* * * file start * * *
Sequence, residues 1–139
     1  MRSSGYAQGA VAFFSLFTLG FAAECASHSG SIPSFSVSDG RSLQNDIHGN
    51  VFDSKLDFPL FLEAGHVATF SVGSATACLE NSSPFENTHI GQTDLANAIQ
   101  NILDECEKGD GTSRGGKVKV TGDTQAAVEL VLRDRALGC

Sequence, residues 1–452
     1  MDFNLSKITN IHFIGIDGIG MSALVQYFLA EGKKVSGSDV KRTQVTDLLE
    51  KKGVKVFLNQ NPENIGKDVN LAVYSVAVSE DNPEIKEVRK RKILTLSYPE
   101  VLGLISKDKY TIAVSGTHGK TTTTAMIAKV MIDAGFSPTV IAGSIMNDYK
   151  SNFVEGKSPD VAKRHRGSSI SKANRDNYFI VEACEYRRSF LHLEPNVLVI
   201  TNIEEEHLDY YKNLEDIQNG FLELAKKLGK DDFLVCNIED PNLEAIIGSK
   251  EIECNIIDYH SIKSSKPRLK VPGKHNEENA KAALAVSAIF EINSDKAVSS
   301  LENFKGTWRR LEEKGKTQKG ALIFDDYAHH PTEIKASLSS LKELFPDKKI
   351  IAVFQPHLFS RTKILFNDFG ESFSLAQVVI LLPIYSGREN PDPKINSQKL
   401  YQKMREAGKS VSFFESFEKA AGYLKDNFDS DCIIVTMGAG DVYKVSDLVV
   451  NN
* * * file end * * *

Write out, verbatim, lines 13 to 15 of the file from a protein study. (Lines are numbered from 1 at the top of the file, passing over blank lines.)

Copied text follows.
   351  IAVFQPHLFS RTKILFNDFG ESFSLAQVVI LLPIYSGREN PDPKINSQKL
   401  YQKMREAGKS VSFFESFEKA AGYLKDNFDS DCIIVTMGAG DVYKVSDLVV
   451  NN